April 11, 1989 |
Standing in the back of the tiny City Hall courtroom yesterday was Tanya Dacri's only supporter. Estranged from her parents, stripped of her year-old daughter, accused of drowning and butchering her 7-week-old son, Dacri has been split from the rest of her world for three months by jail-cell bars. All she has is her husband, Phillip, with whom she mouthed an "I love you" exchange across the crowded courtroom. Then she blew him a kiss. But Phillip Dacri wasn't enough for a Common Pleas judge to release the young mother on low bail.
November 21, 1996 |
The Pennsylvania Senate recently voted 40-8 to abolish the insanity defense - the legal principle that persons of unsound mind are not responsible for criminal actions. This week, the House Judiciary Committee will consider the matter. Twenty-one years ago, as a young attorney, I was charged with aggravated assault during an episode of acute mental illness. My plea agreement and resulting 2 1/2-year commitment to Norristown State Hospital were possible only because of the insanity defense.
April 18, 1991 |
Staring blankly ahead, mouth slightly open, Dr. Jean-Claude Hill listened to witnesses describe how a man who looked just like him opened fire on four insurance executives last week. "After he shot them, he walked very calmly, as if it were another day in the park, so to speak, very calmly . . . back to his car," said eyewitness Dan Gallagher of Chicago, who said he had been eating egg rolls on a park bench "on the 50-yard line" of the murder scene on the Benjamin Franklin Parkway April 8. After about an hour of testimony during a preliminary hearing yesterday, Hill, a 29-year-old native of Virginia, was held for trial in the slaying of Cigna executive Peter Foy III and the wounding of two of Foy's colleagues.
December 3, 1988 |
After an insanity defense was ruled out, Arthur Faulkner's lawyer said he had no opening statement to the jury, no witnesses. No case. Faulkner, facing two death penalties in a Lower Merion stabbing spree, was sunk, said defense lawyer Robert A. Selig. And his Montgomery County Court murder trial hadn't even begun. As Faulkner fidgeted in a courtroom yesterday, waiting for his trial to start, Judge Samuel W. Salus II ruled in a back room that Faulkner's insanity defense - his only defense for stabbing to death two women and seriously wounding his two bosses at the small archaeological firm where he worked - was too flimsy to mention to jurors.
March 20, 2002 |
After more than three weeks of testimony, it took a Texas jury less than four hours to convict Andrea Yates of capital murder in the drowning of her five children. That's barely enough time for a cup of coffee, a doughnut, and a bathroom break during deliberations. In retrospect, it appears the jurors considered Yates' mental illness in mitigation (it took the same jurors less than 40 minutes to decide to spare her life), but they were not about to accept it as a legal excuse.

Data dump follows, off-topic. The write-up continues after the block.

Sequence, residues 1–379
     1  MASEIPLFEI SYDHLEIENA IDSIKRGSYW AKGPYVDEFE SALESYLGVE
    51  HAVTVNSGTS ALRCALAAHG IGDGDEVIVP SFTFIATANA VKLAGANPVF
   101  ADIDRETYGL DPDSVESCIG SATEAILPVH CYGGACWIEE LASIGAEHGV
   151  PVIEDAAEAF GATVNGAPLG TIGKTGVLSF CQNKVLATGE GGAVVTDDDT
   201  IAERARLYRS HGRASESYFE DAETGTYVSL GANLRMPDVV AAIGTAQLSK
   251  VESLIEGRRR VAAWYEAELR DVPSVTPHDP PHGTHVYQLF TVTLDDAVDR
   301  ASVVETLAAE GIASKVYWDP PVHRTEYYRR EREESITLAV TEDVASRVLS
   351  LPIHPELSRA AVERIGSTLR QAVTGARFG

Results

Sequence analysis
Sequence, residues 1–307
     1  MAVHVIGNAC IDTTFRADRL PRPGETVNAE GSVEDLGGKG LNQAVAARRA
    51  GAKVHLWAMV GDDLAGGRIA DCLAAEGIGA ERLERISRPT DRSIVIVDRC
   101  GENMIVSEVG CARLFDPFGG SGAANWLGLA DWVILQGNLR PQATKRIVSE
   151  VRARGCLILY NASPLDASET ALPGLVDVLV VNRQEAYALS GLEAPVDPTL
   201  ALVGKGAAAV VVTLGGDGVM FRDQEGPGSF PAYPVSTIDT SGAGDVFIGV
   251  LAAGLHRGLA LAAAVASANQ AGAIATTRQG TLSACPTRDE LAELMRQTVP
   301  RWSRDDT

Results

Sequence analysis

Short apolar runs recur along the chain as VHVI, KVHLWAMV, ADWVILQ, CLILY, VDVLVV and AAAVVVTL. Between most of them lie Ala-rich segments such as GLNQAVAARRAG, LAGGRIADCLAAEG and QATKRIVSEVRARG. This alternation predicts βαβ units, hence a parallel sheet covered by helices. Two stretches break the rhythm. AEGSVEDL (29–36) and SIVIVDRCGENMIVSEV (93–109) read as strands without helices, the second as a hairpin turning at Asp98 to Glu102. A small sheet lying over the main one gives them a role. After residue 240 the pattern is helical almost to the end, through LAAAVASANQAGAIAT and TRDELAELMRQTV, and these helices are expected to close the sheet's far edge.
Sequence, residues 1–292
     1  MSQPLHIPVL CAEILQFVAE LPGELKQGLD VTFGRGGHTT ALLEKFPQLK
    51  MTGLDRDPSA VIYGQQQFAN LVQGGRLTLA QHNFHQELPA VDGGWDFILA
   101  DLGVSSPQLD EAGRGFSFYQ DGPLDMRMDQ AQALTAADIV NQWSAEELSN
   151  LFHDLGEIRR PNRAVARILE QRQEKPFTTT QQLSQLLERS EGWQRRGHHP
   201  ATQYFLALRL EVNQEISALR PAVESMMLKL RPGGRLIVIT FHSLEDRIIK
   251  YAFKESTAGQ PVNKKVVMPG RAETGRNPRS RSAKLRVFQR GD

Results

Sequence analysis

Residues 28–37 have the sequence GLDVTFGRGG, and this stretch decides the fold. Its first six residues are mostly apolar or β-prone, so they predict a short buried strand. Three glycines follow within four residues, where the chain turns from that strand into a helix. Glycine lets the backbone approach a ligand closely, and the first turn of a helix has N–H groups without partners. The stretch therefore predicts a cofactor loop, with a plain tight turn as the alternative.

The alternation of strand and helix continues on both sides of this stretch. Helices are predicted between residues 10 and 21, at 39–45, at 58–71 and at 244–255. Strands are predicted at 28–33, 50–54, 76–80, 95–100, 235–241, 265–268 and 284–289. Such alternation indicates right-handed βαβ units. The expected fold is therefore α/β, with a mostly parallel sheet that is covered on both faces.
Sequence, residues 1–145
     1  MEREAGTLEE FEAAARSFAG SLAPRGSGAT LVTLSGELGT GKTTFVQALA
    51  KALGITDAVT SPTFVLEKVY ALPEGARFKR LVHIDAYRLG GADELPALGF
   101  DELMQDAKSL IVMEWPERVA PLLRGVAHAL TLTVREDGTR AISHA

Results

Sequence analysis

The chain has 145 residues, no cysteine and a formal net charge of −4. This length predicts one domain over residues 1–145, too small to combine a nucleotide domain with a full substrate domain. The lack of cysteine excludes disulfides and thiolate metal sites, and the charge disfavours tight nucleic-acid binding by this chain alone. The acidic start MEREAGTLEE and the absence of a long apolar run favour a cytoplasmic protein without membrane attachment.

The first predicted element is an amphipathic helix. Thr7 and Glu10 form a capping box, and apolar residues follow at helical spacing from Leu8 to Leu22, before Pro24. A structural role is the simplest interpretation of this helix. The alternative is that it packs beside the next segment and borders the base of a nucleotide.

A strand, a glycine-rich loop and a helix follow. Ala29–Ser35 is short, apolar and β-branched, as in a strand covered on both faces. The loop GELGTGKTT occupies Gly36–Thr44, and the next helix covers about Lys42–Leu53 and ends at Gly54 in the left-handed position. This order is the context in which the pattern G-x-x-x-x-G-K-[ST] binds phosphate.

May 15, 1987 |
A bedraggled Gary Michael Heidnik, saluting twice and answering only "yes, sir" to questions from a judge, pleaded not guilty yesterday to the host of charges against him. After the court proceeding, his attorney, A. Charles Peruto Jr., said he was convinced that Heidnik is "completely insane" and would argue at trial that Heidnik is insane. Heidnik, who is charged with murdering two women and raping and torturing four others who were kept chained in a basement dungeon in his house in the city's Franklinville section, entered his plea at a formal arraignment in City Hall.
September 6, 2005 |
When former Superior Court Judge Stephen W. Thompson goes on trial this week, he will not deny that he collected child pornography and traveled to Russia to have sex with an underage boy. Instead, Thompson, who sat on the bench in Camden County until his arrest in 2003, will argue that he was actually trying to recapture the "virility" he lost on a Vietnam battlefield 36 years ago. Thompson, 59, lost his right leg during hand-to-hand combat....
May 24, 1995 |
Although the insanity plea has become a staple of high-profile murder cases in the United States, few people may know that the plea has roots in the 18th century English court system. In fact, pleading insanity was not just done by murder suspects but by suspects accused of crimes ranging from burglary to forgery to stealing spoons or sheep, according to Joel Eigen, a sociology professor at Franklin and Marshall College in Lancaster whose book Witnessing Insanity: Madness and Mad- doctors in the English Court was published by Yale University Press last month.
April 15, 1988 |
Harrison "Marty" Graham's insanity defense appeared to wobble yesterday when his psychiatrist said the accused North Philadelphia serial murderer might have been sane during parts of his sex-strangling spree. Defense psychiatrist Timothy J. Michals, testifying about Graham's claim that he was insane when he killed the seven women whose rotting corpses were found in his fetid two-room apartment, said Graham wouldn't tell him about five of the seven slayings. But Michals acknowledged that Graham appeared to have known he was doing wrong when he stuffed one of those victims in a duffel bag and bound another in several wire-wrapped sheets.
February 26, 1997
With its verdict yesterday of guilty but mentally ill against multimillionaire John E. du Pont, a Delaware County jury exacted some measure of justice for the family of Olympic wrestler David Schultz, whom Du Pont gunned down last January. This was a difficult trial for the family. Mr. Schultz's mother, father and widow, who witnessed the killing herself, have had to relive events no family should experience once. As the ordeal drew to a close, father Phillip Schultz talked of seeing visions of his dead son - a miracle, in his mind; a manifestation, at the very least, of soul-wrenching grief.